Last month, a group of 13 people was arrested for handing out leaflets calling for a “no” vote. The Wall Street Journal reported: “In prison, they said guards shaved their hair down to the scalp and shackled their feet during visits to a military court. Seven of the group refused to seek bail and spent 12 days in detention before a court released them ahead of a trial.” They face maximum sentences of 10 years in prison.
On July 10, journalist Taweesak Kerdpoka was arrested for alleged “No Vote” activities. Two days later, soldiers raided the office of his online newspaper Prachatai. Taweesak was arrested alongside three members of the New Democracy Movement, a student-led group that has organised protests against the dictatorship.
Former members of the ousted Pheu Thai government have also been charged. On 28 July, Deputy Prime Minister Prawit Wongsuwan announced that eight politicians would be tried in a military court for spreading “false information” about the draft charter. The Pheu Thai Party and its protest organisation, the Red Shirts, helped pave the way for the coup by encouraging illusions in the military, and have refused to mobilise opposition against the junta.
Those who expose the crimes of the military also face extreme penalties. Three Amnesty International officials based in Thailand, Somchai Homla-or, Anchana Heemmina and Porpen Khongkaconkiet, were charged on July 26 for criminal defamation and violating the Computer Crimes Act by releasing a report documenting 54 cases of alleged torture carried out by the army and police in southern Thailand. They face up to five years in jail if found guilty.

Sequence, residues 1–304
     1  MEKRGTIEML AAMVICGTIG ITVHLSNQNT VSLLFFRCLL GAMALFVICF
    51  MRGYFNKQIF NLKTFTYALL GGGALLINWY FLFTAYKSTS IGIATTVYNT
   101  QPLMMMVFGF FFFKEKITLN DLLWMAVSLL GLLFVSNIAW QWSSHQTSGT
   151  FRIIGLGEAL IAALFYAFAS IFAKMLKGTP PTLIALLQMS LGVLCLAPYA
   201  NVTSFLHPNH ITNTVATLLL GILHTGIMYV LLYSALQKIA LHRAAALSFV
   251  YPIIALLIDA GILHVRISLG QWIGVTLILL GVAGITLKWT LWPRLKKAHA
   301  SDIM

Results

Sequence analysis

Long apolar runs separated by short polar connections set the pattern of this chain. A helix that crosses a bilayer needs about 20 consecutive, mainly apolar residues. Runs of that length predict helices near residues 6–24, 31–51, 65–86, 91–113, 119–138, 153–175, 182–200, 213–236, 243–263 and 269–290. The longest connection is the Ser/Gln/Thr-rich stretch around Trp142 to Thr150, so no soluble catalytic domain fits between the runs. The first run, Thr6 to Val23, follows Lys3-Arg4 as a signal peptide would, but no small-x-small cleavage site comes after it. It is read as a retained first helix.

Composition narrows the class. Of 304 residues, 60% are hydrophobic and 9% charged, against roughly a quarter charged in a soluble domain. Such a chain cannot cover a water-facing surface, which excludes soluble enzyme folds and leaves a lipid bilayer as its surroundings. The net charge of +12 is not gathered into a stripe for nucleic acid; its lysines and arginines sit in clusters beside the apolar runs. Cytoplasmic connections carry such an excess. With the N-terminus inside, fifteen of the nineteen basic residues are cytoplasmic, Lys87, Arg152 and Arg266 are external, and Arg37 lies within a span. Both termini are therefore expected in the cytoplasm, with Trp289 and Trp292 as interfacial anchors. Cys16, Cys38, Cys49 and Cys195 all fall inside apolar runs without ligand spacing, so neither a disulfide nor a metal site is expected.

On the same day, police arrested 25-year-old Naritsarawan Kaewnopparat on similar charges of “defaming” the army. Naritsarawan is the niece of Wichian Puaksom, an army conscript who was tortured to death by the military in 2011. Last year Wichian’s family won $200,000 in compensation after suing the defence ministry, the army and the prime minister’s office over his death.
The recent crackdown on dissent prompted a letter to Thai authorities signed by the ambassadors of the United States, Canada, Britain, France, Germany and several other European countries. The letter, published on July 15 by the Bangkok Post, expressed “concern” over “troubling actions, including the arrest of activists, the shutdown of opposition media, and restrictions on freedom of expression.”
The ambassadors called for Thailand to “emerge quickly from the current period of political transition with a sustainable democracy.”
In reality, the imperialist powers have no concern for democracy in Thailand. The ambassadors share the NCPO’s anxiety about a resurgence of popular opposition around the referendum. They warned that the NCPO’s actions could “increase tensions.” The letter did not criticise the draft constitution, which effectively enshrines military dictatorship, but merely called for “open dialogue.” It stated: “Thailand has traditionally played an important role in strengthening regional cooperation, boosting international trade, and promoting shared global values.”
Washington considers the Thai military a valuable ally in the region, where the US has greatly boosted its military presence in preparation for war against China. Undoubtedly, US officials were informed in advance of the 2014 coup, as they were in 2006, and gave tacit support. Since the coup the US has imposed only token sanctions and continued its annual Cobra Gold military training exercises with Thai forces.